- The Washington Times - Wednesday, November 3, 2010

A pensive and introspective President Obama called the midterm elections a “shellacking” for the Democrats and took responsibility for his party’s disastrous showing, telling reporters Wednesday that in the rush to get things done, Democrats forgot to make good on their promise to change the way Washington works.

“We were in such a hurry to get things done that we didn’t change how things get done. And I think that frustrated people,” the subdued president said in an often frank election post-mortem session in the East Room of the White House.

Mr. Obama said he proved he could communicate with voters during the 2008 campaign, spent in Iowa living rooms and New Hampshire diners, but acknowledged he’s become trapped sometimes by Washington as president.

The president said that grappling with the aftermath of voters’ rejection “is something I think every president needs to go through.” Still, he did not retreat from key parts of his first-term agenda, defending the health care law even though it required the kind of deal-making he said he had hoped to change in Washington.

Mr. Obama said the special deals that Democrats used to push the bill through the Senate represent “something I regret,” saying that he wishes the process had been “more healthy.” But he also argued that the law was overwhelmingly beneficial to seniors, families and other groups and at times seemed almost to challenge Republicans to try to roll back the plan’s most popular elements.

At the same time, he said he would be “happy to consider” Republican proposals to tweak and improve the law, mentioning in particular unpopular provisions that small-business owners say have imposed an undue paperwork burden on them.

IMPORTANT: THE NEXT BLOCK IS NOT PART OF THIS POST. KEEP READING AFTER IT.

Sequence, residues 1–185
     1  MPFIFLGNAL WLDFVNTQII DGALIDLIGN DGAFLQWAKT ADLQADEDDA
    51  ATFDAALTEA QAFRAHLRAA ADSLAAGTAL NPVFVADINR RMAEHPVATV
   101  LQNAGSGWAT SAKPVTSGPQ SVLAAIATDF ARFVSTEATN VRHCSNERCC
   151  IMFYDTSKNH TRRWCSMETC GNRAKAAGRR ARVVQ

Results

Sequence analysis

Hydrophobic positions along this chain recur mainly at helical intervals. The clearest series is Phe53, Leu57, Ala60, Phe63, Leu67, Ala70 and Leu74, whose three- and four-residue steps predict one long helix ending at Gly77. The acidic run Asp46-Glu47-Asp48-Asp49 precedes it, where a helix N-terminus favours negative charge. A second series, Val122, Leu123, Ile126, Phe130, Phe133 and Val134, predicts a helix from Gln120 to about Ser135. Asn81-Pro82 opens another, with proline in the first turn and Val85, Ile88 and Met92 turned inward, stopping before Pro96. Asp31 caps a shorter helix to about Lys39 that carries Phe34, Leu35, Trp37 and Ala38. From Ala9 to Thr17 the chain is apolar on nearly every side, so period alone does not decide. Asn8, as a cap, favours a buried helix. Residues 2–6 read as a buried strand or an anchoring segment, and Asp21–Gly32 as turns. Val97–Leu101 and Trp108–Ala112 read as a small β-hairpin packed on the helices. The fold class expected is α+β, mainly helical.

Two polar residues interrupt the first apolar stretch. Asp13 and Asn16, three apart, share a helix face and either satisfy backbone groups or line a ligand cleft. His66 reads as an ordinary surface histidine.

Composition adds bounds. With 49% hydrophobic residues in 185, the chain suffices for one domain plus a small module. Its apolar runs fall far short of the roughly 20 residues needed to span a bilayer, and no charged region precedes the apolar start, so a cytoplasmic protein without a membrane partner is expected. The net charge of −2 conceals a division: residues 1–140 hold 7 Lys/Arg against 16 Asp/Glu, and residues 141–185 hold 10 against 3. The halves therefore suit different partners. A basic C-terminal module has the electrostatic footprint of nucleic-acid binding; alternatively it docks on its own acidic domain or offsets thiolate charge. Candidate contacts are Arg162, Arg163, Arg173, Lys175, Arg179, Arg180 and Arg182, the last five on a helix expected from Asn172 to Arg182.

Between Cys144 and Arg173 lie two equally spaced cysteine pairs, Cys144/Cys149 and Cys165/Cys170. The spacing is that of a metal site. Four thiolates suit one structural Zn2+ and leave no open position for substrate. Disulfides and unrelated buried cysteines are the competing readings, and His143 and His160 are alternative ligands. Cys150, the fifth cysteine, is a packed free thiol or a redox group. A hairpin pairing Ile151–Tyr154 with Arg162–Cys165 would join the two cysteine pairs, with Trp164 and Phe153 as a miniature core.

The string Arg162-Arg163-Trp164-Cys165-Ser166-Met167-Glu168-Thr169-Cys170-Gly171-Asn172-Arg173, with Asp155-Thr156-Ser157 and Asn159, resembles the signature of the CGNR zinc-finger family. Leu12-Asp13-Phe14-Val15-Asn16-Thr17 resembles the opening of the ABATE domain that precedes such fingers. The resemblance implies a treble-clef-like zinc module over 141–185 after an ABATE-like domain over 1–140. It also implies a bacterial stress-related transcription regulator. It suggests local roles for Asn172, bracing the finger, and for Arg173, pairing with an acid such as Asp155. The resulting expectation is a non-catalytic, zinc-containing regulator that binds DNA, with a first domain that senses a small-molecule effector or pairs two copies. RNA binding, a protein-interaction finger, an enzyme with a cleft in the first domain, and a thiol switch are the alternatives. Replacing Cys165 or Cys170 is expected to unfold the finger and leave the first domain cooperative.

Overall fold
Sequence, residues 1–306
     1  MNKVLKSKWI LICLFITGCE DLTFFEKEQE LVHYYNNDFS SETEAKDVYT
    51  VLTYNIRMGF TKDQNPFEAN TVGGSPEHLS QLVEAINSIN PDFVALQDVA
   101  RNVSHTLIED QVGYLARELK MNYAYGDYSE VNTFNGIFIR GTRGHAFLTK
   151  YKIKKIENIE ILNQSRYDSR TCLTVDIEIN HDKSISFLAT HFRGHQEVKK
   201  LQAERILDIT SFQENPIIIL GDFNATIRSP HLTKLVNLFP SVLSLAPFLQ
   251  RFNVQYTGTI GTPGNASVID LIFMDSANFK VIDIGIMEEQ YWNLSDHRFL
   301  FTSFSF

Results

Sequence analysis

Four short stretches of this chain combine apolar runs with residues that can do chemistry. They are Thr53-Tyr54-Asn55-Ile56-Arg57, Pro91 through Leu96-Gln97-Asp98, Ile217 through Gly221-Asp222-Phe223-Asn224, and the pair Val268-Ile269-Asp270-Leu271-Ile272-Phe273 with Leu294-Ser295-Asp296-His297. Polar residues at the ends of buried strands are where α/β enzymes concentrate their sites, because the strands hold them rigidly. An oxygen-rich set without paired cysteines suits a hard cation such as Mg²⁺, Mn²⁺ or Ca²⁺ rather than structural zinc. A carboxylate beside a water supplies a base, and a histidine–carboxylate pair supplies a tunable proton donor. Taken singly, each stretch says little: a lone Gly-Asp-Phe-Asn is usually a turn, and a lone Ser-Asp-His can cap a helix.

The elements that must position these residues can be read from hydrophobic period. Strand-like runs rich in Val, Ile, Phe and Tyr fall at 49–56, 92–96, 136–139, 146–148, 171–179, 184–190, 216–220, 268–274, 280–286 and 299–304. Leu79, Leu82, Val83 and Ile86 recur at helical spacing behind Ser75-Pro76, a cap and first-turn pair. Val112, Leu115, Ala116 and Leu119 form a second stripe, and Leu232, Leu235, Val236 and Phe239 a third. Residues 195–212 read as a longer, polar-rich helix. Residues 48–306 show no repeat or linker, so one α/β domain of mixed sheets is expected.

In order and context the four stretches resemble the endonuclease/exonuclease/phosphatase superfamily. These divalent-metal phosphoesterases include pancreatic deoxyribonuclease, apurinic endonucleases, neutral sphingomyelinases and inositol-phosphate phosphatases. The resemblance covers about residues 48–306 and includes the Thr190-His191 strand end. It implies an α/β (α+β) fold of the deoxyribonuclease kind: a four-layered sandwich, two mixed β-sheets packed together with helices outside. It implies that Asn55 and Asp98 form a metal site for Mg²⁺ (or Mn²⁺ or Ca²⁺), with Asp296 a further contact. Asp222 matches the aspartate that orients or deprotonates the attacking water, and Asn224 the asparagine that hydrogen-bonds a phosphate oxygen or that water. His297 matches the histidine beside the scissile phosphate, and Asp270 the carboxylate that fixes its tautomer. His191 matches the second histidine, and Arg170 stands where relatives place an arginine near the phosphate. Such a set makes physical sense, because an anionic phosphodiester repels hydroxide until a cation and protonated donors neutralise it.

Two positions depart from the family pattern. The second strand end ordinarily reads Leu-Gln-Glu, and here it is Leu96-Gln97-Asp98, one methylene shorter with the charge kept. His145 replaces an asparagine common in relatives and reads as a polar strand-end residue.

Mr. Obama admitted at least temporary defeat on one of his original legislative priorities, acknowledging that it’s now politically impossible to curb greenhouse gas emissions through his favored “cap-and-trade” system. He said the new balance of power on Capitol Hill, with Republicans in control of the House and with near-parity in the Senate, doesn’t mean the two parties should wait before moving forward on a smaller energy bill they both can support, however.

Mr. Obama also cited education and aid for small businesses as potential areas of common ground, but aside from his pending proposal to allow smaller firms to immediately expense investments in equipment, he offered few specifics.

Mr. Obama wouldn’t concede that the huge Republican gains represented a direct repudiation of his policies. Instead, he blamed the results on the fact that the recovery is progressing too slowly and the perception among many voters that some of his early “emergency” measures taken to right the economy, such as the stimulus bill and aid to the struggling auto industry, may have been interpreted by voters as a permanent expansion of government as opposed to a one-off response to the financial crisis.

Comparing himself with popular predecessors Ronald Reagan and Bill Clinton — both of whom suffered midterm losses and sagging approval ratings after their first two years yet went on to win re-election — Mr. Obama ticked off a list of regrets, including having signed spending bills loaded up with pork-barrel spending.

“In the rush to get things done, I had to sign a bunch of bills that had earmarks in them, which was contrary to what I talked about,” he said.

That comment signals a possible fight over the next several months with Congress, where senior Republicans and Democrats in both chambers vigorously have defended their right to send money back to their home districts.

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